Book Review : The Spiderwick Chronicles by Tony DiTerlizzi and Holly Black
The Grace children, Mallory, Jared and Simon have moved into an old Victorian home owned by their Aunt Lucinda following the divorce of their parents. Immediately the children notice odd noises and soon find an entrance into a secret library through the dumb waiter in the kitchen. This is only the beginning of the secrets and mysteries they find. Jared discovers a field guide to the world of faeries. Though it seems completely unbelievable soon the children are forced to believe when Simon is kidnapped.
Adult Point of View
I initially picked up The Spiderwick Chronicles because of the beautiful illustrations, the deckle edge of the paper and a sense of quality that is not typically seen in many modern books. I was quite entranced with the faerie world created by DiTerlizzi and Black even though it has a rather dark edge. Even though this has been out for awhile, I decided to review it because I did not realize at the time that the darker tone exhibited in this series would become so common. I have mixed feelings about this trend because though it makes for a dramatic setting it may be too macabre for some in a young audience. If a child is scared of the dark or believes in monsters I would not read this series with them. This series, as well as many others, also features a family where the father has abandoned his children and I believe these kinds of details could be cathartic for some children and disturbing for others in similar situations. As a parent we certainly have to use our discretion.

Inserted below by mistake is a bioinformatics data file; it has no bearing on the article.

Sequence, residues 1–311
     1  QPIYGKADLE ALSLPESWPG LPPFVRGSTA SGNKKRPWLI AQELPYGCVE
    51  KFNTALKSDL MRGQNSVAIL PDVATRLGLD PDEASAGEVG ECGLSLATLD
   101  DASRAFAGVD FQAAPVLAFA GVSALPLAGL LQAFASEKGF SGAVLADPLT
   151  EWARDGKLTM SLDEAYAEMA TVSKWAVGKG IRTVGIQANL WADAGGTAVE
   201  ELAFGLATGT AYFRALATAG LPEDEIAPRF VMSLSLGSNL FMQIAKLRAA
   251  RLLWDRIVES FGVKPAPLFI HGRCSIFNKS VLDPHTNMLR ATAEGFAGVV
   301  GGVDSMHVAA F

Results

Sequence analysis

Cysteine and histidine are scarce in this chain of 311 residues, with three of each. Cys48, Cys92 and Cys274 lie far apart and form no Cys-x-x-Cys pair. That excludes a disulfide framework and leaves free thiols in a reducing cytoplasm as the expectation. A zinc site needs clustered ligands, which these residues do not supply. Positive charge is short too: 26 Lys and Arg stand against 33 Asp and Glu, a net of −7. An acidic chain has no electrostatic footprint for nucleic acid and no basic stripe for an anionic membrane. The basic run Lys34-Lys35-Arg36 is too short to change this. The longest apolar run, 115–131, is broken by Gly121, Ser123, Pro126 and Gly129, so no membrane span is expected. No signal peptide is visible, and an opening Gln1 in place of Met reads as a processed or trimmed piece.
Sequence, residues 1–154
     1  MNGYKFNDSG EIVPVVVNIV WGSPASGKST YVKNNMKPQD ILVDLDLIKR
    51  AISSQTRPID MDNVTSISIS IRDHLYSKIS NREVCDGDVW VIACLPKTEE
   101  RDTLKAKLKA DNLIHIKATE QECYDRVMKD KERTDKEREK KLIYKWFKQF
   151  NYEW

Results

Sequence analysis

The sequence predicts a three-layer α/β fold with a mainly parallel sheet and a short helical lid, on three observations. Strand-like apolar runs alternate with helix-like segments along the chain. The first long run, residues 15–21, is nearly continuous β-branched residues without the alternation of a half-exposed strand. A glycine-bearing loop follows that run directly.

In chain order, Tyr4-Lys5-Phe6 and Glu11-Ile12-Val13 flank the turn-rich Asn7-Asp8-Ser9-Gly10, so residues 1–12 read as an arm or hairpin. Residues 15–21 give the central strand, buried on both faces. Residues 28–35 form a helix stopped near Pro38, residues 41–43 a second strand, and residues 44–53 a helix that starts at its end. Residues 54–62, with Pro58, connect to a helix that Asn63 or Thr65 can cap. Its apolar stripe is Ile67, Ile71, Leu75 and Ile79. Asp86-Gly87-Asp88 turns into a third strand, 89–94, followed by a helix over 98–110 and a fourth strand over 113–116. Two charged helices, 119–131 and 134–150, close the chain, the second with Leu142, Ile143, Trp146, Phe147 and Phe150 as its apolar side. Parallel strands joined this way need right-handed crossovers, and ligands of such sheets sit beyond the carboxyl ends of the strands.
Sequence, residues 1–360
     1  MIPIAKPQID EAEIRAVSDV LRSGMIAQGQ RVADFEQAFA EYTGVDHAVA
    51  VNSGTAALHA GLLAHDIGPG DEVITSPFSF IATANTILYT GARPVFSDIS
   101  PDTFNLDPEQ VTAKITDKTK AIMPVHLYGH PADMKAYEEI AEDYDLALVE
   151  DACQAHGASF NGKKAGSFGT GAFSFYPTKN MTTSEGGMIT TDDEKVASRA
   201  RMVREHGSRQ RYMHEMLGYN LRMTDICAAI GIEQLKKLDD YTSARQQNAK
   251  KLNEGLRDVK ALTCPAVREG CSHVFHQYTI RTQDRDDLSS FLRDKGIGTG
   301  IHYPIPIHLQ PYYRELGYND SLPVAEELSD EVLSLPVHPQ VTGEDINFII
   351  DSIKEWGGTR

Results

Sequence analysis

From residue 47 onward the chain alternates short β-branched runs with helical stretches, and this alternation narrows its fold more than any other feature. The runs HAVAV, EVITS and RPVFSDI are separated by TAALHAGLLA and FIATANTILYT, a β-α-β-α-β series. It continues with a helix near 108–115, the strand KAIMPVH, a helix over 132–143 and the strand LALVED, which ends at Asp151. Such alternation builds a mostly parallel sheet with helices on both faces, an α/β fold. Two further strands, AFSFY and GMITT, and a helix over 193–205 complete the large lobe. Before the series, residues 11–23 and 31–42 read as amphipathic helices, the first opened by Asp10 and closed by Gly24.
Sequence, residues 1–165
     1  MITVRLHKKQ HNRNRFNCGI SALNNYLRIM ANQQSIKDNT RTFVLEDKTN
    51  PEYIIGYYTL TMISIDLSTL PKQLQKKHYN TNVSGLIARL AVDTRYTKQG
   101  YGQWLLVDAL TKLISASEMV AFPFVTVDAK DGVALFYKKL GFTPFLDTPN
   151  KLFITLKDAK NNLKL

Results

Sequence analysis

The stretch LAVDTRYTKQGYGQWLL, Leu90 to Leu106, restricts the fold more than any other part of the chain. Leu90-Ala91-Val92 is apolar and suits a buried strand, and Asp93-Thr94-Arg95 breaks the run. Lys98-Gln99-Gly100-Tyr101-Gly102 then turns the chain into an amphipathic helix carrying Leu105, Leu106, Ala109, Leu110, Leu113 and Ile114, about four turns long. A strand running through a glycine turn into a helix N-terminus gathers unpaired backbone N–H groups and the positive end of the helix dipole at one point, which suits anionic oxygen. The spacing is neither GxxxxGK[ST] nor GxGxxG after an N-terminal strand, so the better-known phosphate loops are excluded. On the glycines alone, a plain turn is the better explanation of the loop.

I am currently reading the story aloud to my eight year old (though I edit out some of the rude things Mallory says, such as, “shut up”) and he absolutely loves to hear the story unfold. I also glossed over when the cat was eaten because I knew it might bother him.
The Spiderwick Chronicles has a straightforward plot line, is creative and has interesting characters. It is a great read for children, 8 years old and up. (The book recommends 7 and up)
3.5 out of 5 stars
– the Mother